What Are the Chemicals Used For Pest Control? 

In order to achieve commendable results from pest control treatments, it is necessary to use the correct chemicals. These chemicals should be chosen depending on the type of pests and the climate. Professionals can offer guidance on which chemicals to use, as well as the appropriate precautionary measures. Here are some common chemicals used for pest control: 

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Organochlorine insecticides 

Organochlorine insecticides are used in pest control as a means of killing insects. They have been linked to adverse health effects such as neurological damage and endocrine disruption. They also have the potential to bioaccumulate in organisms, including the food chain. 

These chemicals have been banned in many countries, including the U.S. Environmental Protection Agency (EPA) and in Europe. However, many of these pesticides are still widely used in pest control, especially in developing countries. Although they are banned, they remain active ingredients in many commercial pesticides and are still used in agricultural practices.  

Organochlorine insecticides have also been linked to a number of health effects, including low birth weight and low blood pressure. A recent study conducted in Costa Rica and Central America concluded that these chemicals can cause neurodegeneration in humans. The findings were published in the Journal of the National Cancer Institute and the International Journal of Occupational and Environmental Health.  

Piperonyl butoxide 

Piperonyl butoxide is an organic compound that is a semi-synthetic derivative of safrole, a popular insecticide. It is used for a variety of pest control applications, from head lice treatments to flea and tick treatments. It works by increasing the activity of other pesticides by inhibiting the natural defense mechanisms of insects. The most important of these defense mechanisms is the cytochrome P-450 system. 

Piperonyl butoxide is not toxic to people or pets, but it is toxic to aquatic organisms and fish. It is also highly toxic to frogs and birds. However, it is unlikely to accumulate in their bodies. However, it is not known how much of it is toxic to children.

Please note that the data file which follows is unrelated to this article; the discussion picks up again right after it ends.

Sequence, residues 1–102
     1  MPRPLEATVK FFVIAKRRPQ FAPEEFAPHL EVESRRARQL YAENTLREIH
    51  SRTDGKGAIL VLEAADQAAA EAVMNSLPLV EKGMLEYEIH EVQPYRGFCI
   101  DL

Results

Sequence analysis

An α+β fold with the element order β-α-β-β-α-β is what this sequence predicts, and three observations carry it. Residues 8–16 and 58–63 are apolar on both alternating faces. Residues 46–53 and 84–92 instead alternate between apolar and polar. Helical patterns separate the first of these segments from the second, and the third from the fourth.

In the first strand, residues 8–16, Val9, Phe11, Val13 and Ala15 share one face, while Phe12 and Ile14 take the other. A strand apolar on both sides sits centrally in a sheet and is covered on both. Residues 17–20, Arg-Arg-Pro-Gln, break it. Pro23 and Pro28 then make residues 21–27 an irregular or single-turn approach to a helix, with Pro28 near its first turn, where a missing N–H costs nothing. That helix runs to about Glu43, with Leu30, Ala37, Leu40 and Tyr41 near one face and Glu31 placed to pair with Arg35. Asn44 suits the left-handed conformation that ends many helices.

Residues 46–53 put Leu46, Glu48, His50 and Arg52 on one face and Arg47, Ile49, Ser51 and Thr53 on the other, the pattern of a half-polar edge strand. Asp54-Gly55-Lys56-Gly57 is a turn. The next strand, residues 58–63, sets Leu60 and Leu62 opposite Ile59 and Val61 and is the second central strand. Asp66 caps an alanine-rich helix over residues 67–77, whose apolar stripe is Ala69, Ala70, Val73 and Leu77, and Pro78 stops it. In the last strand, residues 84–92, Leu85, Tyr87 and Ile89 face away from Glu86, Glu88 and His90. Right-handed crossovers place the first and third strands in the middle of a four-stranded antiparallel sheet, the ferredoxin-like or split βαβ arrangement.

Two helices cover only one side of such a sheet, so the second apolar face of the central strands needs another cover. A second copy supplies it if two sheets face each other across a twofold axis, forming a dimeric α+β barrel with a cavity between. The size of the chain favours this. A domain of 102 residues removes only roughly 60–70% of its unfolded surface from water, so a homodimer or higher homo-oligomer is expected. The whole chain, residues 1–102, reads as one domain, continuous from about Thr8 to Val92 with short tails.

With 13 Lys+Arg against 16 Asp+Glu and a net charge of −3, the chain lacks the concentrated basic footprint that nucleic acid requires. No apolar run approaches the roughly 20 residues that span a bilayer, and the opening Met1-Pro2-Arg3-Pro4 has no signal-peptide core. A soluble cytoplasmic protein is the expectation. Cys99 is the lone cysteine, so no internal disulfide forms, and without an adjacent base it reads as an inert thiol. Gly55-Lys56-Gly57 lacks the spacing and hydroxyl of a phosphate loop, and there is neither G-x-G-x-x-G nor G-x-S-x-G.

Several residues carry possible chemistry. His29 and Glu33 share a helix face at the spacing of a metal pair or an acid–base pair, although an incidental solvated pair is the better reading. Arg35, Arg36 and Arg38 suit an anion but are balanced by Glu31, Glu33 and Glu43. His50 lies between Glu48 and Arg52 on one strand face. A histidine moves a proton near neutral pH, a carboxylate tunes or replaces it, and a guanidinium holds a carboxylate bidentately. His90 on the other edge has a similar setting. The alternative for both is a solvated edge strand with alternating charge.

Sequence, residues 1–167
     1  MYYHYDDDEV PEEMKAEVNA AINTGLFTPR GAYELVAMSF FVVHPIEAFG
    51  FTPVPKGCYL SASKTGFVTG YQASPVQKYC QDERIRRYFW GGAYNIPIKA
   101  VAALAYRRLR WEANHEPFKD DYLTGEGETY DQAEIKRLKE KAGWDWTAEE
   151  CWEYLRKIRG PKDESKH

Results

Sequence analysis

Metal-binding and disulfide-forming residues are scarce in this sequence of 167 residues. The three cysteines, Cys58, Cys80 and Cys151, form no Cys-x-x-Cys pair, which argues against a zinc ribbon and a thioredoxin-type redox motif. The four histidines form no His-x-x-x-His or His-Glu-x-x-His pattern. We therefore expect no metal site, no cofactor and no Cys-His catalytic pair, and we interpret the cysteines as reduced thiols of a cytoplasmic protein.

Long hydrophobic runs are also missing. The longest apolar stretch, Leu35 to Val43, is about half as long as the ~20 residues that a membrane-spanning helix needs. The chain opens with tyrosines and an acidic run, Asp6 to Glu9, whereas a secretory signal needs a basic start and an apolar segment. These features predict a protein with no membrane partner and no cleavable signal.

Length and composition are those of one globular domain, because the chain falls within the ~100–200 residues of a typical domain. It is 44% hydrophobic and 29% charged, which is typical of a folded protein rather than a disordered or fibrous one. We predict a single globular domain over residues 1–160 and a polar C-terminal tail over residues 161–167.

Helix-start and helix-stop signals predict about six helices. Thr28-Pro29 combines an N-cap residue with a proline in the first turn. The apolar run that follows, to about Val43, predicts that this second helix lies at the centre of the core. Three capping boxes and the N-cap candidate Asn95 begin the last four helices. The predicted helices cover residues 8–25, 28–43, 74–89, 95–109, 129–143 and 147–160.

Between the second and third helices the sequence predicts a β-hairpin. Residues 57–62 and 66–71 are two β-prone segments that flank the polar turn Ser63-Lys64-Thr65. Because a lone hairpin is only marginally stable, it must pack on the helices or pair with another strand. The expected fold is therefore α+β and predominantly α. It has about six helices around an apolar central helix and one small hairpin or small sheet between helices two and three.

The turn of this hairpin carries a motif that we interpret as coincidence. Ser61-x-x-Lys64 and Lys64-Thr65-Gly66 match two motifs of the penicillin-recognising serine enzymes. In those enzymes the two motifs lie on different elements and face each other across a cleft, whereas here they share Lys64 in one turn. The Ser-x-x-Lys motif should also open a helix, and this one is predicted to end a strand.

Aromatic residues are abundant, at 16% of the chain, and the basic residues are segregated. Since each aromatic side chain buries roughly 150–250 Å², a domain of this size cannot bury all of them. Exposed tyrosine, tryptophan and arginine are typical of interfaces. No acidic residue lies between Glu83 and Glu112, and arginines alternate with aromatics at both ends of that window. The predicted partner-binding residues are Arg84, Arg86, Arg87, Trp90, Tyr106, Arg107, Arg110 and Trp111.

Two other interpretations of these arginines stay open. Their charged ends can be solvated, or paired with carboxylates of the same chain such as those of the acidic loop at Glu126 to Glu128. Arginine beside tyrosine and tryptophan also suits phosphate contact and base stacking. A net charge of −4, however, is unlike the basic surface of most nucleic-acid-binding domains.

In tests conducted on mice and rats, piperonyl butoxide increased the risk of developing liver cancer when fed in high concentrations for two years. Two other studies also reported cancer-related effects in the intestines and thyroid glands of mice. However, the National Toxicology Program found no link between PBO and any type of cancer in humans.  


Permethrin is a synthetic pyrethroid insecticide that has broad-spectrum activity against many insect species. It works by inhibiting the nervous system of impacted creatures, causing them to either die or be paralyzed. It is used to kill both adult insects and larvae, and can also be used on plant surfaces. It is effective against all life stages but is especially effective against larvae. About 60% of the permethrin that is produced is used on cotton plants, but it can also be used to treat other crops such as maize, soya beans, coffee, rape seed oil, and even vegetables. 

Although permethrin is commonly used to control insects, it can pose a threat to the environment. It is not readily biodegradable in the environment and can persist in the soil or water for many years after its application. It also does not mix well with water and is usually bound to sediments. Therefore, permethrin rarely pollutes groundwater. It does not evaporate easily from surfaces, either. According to one study, about 60% of the permethrin was still on a surface after 20 days of exposure.